He wore the navy blue cap saying "WWII Veteran," which he's put on every day for years. He wore the ring with the blue-and-white logo of Grumman, where he helped build the lunar module that landed on the moon.
On Saturday, William Gómez, now 95 and who largely gets around in a wheelchair, received another adornment of honor as he received a pin commemorating his military service on the island of Okinawa during World War II.
The former resident of Brentwood and Bay Shore, now in a San Diego elder care facility, was given the pin in a ceremony on the flight deck of the now-retired USS Midway aircraft carrier docked in San Diego.
"Being honored — it's a treasure," Gómez said of the ceremony, a joint venture between Sharp Hospice Care, which is overseeing Gómez's care, and the nonprofit We Honor Veterans. "I'm glad that I served, and I was proud to serve. I did the best I could."
Gómez was in the Navy Seabees, the construction battalion that built barracks and other structures on Okinawa as the Allies were taking control of the island from Japan. The Battle of Okinawa was among the bloodiest ground battles of the war, remembered in military circles as the "typhoon of steel," and has since been a critical strategic location for the United States.
"It was a beautiful island," Gómez recalled. "We helped [the islanders] in every way we could. It's the American way."
With the morning sun shining across the USS Midway deck, which stretches the length of three football fields, Gómez was accompanied by his son who lives locally, his daughter, who flew in from the Long Island hamlet of Bayport, and several grandchildren and great-grandchildren.
Retired Navy Capt. Steve Gilmore offered a crisp salute as he presented Gómez with the circular pin with a "V" for veteran in the center.
Gail Gómez-Hake said she viewed the ceremony as the coming together of the lines of her father's life. During his Brooklyn boyhood, Gómez helped out in his father's hardware store, where he came to love using tools. That love steered him to the Navy construction battalion after he was drafted in his high school senior year in October of 1944. He went to Okinawa in 1945.
The daughter recalled hearing his stories of the war, including when he would go swimming in the waters off Okinawa and hear bullets whooshing by overhead.
Was he scared?
"No," he said. "I went every night swimming. Eventually I got used to it."
After returning to civilian life in 1946, Gómez married a girl from his old Brooklyn neighborhood, who had been dating his older brother, but who Gómez fell for when he saw her in a red dress. When his brother and the girl parted, Gómez dated and married her in 1949.
He and his wife, Olga, moved to Brentwood in about 1954, where he built his own home with the help of his cousins, said Gómez-Hake, 70. He worked at Republic Aviation in Farmingdale and then Grumman in Bethpage, serving both as a tool designer.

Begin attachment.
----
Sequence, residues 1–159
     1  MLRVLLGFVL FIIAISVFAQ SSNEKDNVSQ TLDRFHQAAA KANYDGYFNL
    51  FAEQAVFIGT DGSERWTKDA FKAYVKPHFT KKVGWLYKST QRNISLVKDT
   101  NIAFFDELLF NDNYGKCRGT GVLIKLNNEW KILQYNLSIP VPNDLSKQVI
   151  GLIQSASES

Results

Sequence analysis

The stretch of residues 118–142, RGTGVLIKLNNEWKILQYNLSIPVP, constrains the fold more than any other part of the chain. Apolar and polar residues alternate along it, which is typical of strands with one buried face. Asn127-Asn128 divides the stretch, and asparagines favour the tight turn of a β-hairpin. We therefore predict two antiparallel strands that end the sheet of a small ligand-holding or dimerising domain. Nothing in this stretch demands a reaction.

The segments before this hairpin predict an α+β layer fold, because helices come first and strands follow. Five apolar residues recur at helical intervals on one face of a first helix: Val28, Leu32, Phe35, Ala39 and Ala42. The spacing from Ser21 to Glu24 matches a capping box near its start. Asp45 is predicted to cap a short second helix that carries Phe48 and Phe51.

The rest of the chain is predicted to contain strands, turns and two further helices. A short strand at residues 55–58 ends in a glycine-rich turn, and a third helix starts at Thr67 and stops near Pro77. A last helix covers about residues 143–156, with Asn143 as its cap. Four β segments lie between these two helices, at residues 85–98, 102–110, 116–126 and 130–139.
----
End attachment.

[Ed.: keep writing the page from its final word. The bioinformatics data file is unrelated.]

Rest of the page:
Grumman was in its heyday in the 1960s, employing thousands of Long Islanders who worked on the lunar module that would be used in the Apollo 11 moon landing. The moon landing remains among humanity's greatest achievements and serves as an immense point of pride for Long Islanders.
"We watched it on the news, sitting with the family, my father brimming over with pride," said Gómez-Hake of the moon landing in 1969.
Gómez retained the SeaBees attitude of being able to build or fix anything. His son, William Edward Gómez, said that when the family moved to Bay Shore in the early 1960s, his father was the only one in the neighborhood who owned a cement mixer.
"There was always a patio to be poured, or a basketball court to be laid," said William Edward Gómez, who is 66 and lives in San Diego.
Gómez also continued his commitment to public service, serving, at various periods, as a fire department captain and Boy Scout troop leader.
Gómez's wife died in 2019, shortly before the couple's 70th anniversary, family members said.
Gómez's grandson, Liam Alexander, stood with the family on the deck of the Midway on Saturday, surrounded by flags and vintage aircraft. He watched as an American flag, which had been flown over the ship, was presented to his grandfather.
"He was just a kid from Brooklyn, a Puerto Rican kid," said Alexander, 40, an artist who splits his time between New York City and Los Angeles. "He's lived an amazing life."
The grandson added, with a bit of humor, "He's been wearing that World War II hat my entire life."
For Gómez, who has dementia and lives in a memory care unit, the ceremony was a special moment of recognition for himself and others of the Greatest Generation who risked their lives to help save the world, and whose numbers are dwindling by the day.
Afterward, Gómez returned to elder care home, still wearing his new pin.